Aikido is a modern Japanese martial art (gendai budo) that was developed in the early part of the 20th Century by Morihei Ueshiba (1883-1969). A disciplined student of martial arts principle and philosophy, Morihei Ueshiba (known as O-Sensei or great teacher) created aikido out of his dissatisfaction with the competitive and destructive elements of earlier martial traditions. The emphasis of aikido is not directed toward the defeat, but neutralization of an attacker.
Budo has its origins in samurai principles, Bushido. Bushido is the code of moral principles which the samurai were required or instructed to observe. More frequently it is a code unuttered and unwritten. It is a personal path developed through decades and centuries of life in a military career. Budo is now carried on by many practitioners of traditional martial arts such as Aikido.
The study and usage of ki is a critical component of aikido, and its study defies categorization as either “physical” or “mental” training, as it encompasses both. The original kanji for ki was 氣, and is a symbolic representation of a lid covering a pot full of rice; the “nourishing vapors” contained within are ki (YeYoung, Bing F. “The Conceptual Scheme of Chinese Philosophical Thinking – Qi”. Literati Tradition. Retrieved 2007-02-12).
Ki is most often explained as unified physical and mental intention, however in traditional martial arts such as Aikido it is often discussed as “life energy”. Gōzō Shioda‘s Yoshinkan Aikido, considered one of the “hard styles,” largely follows Morihei Ueshiba’s (The founder of Aikido) teachings from before World War II, and surmises that the secret to ki lies in timing and the application of the whole body’s strength to a single point.
Takeda Sokaku (The founder of a school of jujutsu known as Daitō-ryū Aiki-jūjutsu) defined aiki the following way:
“The secret of aiki is to overpower the opponent mentally at a glance and to win without fighting. (Draeger, Donn F. (February 1, 1996). Modern Bujutsu & Budo: The Martial Arts and Ways of Japan, Volume Three. Boston, Massachusetts: Weatherhill.”
Tokimune Takeda (The designated successor of Daitō-ryū upon Takeda Sokaku’s death, speaking on the same subject during an interview, said:
The concept of aiki?
Aiki is to pull when you are pushed, and to push when you are pulled. It is the spirit of slowness and speed, of harmonizing your movement with your opponent’s ki. Its opposite, kiai, is to push to the limit, while aiki never resists.
The term aiki has been used since ancient times and is not unique to Daito-ryu. The ki in aiki is go no sen, meaning to respond to an attack.
… Daito-ryu is all go no sen—you first evade your opponent’s attack and then strike or control him. Likewise, Itto-ryu is primarily go no sen. You attack because an opponent attacks you. This implies not cutting your opponent. This is called katsujinken (life-giving sword). Its opposite is called setsuninken (death-dealing sword).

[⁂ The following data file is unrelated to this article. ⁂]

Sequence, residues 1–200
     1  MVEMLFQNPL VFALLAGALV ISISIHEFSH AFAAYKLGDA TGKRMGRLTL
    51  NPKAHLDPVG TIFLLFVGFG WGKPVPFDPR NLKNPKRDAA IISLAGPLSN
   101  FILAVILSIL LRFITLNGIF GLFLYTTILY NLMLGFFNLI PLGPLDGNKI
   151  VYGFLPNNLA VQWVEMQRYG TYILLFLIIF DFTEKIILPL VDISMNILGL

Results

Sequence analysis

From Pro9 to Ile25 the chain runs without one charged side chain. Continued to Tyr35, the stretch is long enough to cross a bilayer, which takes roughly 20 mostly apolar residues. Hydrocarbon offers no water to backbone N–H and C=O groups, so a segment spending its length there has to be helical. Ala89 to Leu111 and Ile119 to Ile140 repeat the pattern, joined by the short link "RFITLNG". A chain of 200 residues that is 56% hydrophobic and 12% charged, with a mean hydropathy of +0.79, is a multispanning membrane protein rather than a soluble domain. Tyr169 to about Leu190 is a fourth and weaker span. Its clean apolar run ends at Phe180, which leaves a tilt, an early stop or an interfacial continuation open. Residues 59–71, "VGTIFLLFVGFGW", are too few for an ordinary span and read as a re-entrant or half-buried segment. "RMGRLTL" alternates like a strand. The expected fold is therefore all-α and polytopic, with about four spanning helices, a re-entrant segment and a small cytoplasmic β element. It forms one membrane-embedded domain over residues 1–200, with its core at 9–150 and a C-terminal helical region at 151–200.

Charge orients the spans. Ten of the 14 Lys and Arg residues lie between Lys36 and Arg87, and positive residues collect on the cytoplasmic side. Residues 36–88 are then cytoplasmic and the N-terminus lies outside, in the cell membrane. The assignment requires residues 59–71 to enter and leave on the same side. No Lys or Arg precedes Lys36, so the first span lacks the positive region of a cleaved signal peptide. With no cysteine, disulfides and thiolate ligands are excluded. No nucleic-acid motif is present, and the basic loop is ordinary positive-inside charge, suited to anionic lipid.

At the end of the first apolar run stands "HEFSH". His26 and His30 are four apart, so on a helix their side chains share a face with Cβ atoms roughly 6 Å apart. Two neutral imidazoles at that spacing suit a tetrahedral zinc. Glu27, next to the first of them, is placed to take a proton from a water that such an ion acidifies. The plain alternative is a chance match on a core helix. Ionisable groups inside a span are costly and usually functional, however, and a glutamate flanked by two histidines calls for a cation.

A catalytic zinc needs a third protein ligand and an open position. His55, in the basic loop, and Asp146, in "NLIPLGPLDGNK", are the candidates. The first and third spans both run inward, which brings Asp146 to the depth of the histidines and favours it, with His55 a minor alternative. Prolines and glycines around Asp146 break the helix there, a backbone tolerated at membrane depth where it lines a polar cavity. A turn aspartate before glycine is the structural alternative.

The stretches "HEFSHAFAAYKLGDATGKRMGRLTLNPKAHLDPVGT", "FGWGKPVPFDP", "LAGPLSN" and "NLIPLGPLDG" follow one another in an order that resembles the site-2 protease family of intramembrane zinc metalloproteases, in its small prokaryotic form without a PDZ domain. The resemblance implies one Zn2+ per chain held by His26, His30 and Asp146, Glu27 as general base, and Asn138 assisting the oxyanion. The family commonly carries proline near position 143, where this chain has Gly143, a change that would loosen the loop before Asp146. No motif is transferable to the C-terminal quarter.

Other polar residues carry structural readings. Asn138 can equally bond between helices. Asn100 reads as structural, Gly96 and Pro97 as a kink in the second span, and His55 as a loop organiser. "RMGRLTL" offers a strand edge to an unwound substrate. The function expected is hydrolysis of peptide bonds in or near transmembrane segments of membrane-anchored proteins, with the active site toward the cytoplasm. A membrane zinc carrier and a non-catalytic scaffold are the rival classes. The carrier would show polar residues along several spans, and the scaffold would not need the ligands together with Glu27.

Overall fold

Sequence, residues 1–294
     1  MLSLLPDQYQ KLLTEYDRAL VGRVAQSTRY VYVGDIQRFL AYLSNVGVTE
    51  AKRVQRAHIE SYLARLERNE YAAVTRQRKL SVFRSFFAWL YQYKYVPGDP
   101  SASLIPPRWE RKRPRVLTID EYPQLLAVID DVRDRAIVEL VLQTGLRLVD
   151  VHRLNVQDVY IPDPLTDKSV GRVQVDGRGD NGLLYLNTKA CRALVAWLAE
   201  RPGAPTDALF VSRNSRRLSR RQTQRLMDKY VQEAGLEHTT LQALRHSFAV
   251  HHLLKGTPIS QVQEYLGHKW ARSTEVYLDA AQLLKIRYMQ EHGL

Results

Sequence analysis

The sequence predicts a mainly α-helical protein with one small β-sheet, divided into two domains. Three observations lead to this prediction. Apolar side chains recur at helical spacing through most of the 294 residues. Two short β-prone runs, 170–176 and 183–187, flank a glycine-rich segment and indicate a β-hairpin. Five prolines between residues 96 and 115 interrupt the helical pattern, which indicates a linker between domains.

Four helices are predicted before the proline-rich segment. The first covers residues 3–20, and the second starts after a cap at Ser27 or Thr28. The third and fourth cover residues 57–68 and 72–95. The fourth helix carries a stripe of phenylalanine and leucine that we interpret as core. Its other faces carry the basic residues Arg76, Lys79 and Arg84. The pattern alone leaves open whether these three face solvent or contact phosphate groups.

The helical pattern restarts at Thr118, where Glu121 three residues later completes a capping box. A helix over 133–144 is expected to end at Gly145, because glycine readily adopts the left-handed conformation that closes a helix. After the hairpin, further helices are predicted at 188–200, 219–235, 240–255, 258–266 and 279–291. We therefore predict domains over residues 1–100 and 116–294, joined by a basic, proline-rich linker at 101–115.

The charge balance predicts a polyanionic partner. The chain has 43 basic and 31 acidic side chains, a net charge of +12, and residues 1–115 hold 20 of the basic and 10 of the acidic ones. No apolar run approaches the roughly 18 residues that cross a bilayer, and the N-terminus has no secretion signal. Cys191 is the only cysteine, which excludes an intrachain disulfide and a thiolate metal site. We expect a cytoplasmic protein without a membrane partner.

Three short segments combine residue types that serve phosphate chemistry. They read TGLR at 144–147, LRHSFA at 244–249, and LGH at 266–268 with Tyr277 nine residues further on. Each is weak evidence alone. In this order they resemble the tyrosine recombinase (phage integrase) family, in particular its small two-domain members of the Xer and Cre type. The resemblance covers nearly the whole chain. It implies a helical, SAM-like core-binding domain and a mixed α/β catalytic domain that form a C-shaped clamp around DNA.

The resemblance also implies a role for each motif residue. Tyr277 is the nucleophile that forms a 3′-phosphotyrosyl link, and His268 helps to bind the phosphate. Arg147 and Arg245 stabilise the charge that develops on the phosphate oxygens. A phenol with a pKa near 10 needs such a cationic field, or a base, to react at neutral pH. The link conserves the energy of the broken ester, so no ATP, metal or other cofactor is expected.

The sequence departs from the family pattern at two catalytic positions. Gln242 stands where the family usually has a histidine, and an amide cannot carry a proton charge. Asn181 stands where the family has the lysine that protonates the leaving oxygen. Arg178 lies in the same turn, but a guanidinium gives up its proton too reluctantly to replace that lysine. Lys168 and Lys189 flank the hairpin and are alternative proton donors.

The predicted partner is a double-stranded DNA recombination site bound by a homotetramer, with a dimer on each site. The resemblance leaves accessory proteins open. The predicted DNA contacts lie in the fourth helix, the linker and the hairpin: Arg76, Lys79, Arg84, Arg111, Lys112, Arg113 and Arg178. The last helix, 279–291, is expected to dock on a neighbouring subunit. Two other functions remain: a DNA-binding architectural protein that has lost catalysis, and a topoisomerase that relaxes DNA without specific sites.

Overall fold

Aiki is different from the victory of sen sen, and is applied in situations of go no sen, such as when an opponent thrusts at you. Therein lies the essence of katsujinken and setsuninken. You block the attack when an opponent approaches; at his second attack you break his sword and spare his life. This is katsujinken. When an opponent strikes at you and your sword pierces his stomach it is setsuninken. These two concepts are the essence of the sword. “ (Pranin, Stanley (1996). Daito-ryu Aikijujutsu: Conversations with Daito-ryu Masters. Tokyo: Aiki News)
Katsuyuki Kondo Sensei, Menkyo Kaiden Daito-ryu Aikijujutsu states:
“Daito-ryu is built upon a foundation of six basic elements. These are extremely deep and complex and mastery of even any one of them requires a great deal of time and effort. One’s ability to perform Daito-ryu techniques correctly and fully will only develop through constant and strenuous efforts to take all six into account at all times.”
These six elements are critical in the expression of Aiki or Ki in Daito-ryu Aikijujutsu:
Rei -“Correct formal personal conduct”
Metsuke – “Eye contact”
Maai – “Combat distance”
Zanshin-“Remaining mind and full effort”
Budo Principles (Katsuyuki Kondo (2000). Daito-ryu Aikijujutsu Hiden Mokuroku. Sagamihara-shi, Kanagawa-ken 228-0813 Japan, p. 43)
The concept of Aiki has been viewed from many angles, and expressed differently by many masters. Great writers from many different walks of life have chosen elegant words that create beautiful pictures of Aiki. Gifted speakers have articulated its finest details with passion. Interestingly enough, with all this variation in the description of Aiki, I did find a consistency. A thread that is woven into aiki and Budo that holds true for us all. Aiki is always accessible as long as one knows where to look. As long as one knows what path to follow. Those who seek to express themselves in Aiki may want to explore my chosen path of Budo. The path that I have dedicated my life to follow. In the end, perhaps Bruce Lee said it best:
“Ultimately, martial art means honestly expressing yourself…
it is easy for me to put on a show and be cocky,
or I could show you some really fancy movement…
But to express oneself honestly, not lying to oneself,
and to express myself honestly…
Now that, my friend is very hard to do” ― Bruce Lee